The Hill’s Carlo Munoz tells us that a Somali-born pirate will serve 12 life sentences in connection with the kidnapping, piracy, hostage-taking and murder of Americans last February off the coast of Oman.
Alissa Rubin writes in the New York Times on the NATO/Afghan response to the dramatic increase in attacks by members of the Afghan security forces against NATO (29 in total this year alone). Carlo Munoz at The Hill also reports on these reviews, including DOD working to improve screening of recruits to the Afghan military and police.
A plot to attack the Afghan Parliament was foiled by Afghan security forces over the weekend, writes Jon Stevenson of McClatchy.
David Axe at Wired’s Danger Room writes on the U.S. drone campaign in the Horn of Africa.
And it looks like Al Qaeda is busy building a cell in Syria. Carlo Munoz brings us that news as well.
After attending the drone convention in Las Vegas, Greg McNeal ponders the question of whether the drone industry has the wherewithal to compete with the privacy lobby at Forbes.
Two big stories on Wikileaks today: first, it’s been hacked, according to The Hill. Second, emails stolen from Stratfor Global Intelligence imply that the U.S. government has been using a counterterrorism computer program called TrapWire to spy on Americans, but those allegations appeared to be drastically overblown, according to the New York Times. The story also says that the hack might be in retaliation for its decision to post the emails.
Now even Senators are joining the calls for President Obama to issue an executive order on cybersecurity policies. Senator Rockefeller asked that he issue an executive order that establishes a program to encourage companies that operate critical systems adopt tighter security standards.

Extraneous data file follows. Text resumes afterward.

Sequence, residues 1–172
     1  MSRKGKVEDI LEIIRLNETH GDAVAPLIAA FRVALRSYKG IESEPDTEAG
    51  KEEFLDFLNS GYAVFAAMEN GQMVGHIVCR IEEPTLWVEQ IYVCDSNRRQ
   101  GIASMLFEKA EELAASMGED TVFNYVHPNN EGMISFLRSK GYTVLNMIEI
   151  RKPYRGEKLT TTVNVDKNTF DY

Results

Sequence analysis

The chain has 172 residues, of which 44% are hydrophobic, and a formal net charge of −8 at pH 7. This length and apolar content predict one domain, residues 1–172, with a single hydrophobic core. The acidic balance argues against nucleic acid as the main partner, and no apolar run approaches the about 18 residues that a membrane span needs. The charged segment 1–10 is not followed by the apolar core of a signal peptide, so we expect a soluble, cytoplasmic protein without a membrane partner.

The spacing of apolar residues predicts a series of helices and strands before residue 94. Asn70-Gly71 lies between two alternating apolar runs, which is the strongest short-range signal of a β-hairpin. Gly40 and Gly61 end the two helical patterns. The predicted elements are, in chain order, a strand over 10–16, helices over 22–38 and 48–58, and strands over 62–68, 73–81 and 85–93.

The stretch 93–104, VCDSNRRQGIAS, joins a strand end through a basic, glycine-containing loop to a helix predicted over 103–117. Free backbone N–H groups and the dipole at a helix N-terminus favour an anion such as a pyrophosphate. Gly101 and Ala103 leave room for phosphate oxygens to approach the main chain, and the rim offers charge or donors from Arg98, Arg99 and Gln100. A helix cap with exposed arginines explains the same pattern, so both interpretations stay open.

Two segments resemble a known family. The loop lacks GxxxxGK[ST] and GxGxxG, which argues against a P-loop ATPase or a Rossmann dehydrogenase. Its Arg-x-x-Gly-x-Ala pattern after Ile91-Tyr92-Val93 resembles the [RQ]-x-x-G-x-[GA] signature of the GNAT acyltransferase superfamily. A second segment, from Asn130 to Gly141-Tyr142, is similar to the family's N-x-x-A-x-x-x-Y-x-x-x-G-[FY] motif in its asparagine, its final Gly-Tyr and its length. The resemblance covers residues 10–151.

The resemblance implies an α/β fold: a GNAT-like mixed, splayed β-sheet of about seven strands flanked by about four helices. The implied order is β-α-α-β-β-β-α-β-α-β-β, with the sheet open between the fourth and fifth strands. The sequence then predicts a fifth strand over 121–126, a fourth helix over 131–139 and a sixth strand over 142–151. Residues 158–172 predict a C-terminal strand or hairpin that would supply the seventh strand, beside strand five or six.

Roy Gutman of McClatchy writes on the details emerging from the investigation into the secret CIA prison in Poland. The country’s former interior minister has already been charged with unlawful detention and corporal punishment for permitting the CIA to operate the prison between December 2002 and September 2003.
Here are Chris Hedges’ latest thoughts on his campaign against last year’s NDAA over on Truth-Out.
Mark Lewis of the Times digs deeper into the report by a Norwegian Commission on the massacre that killed 69 people last year.
Verizon will be presenting its report on the 911 outages in Fairfax County in June to the Metropolitan Washington Council of Governments this Wednesday. Mary Pat Flaherty reports on the details of that report at the Washington Post, noting that the company did not know there were outages until the county called to tell them so. Verizon treated the outage as a service complaint rather than the widespread outage that it truly was (which resulted in its decision not to implement emergency command center procedures). The report also indicates that there was an outage at all not due to the storms’ damage but because Verizon’s backup generators failed. Yikes.
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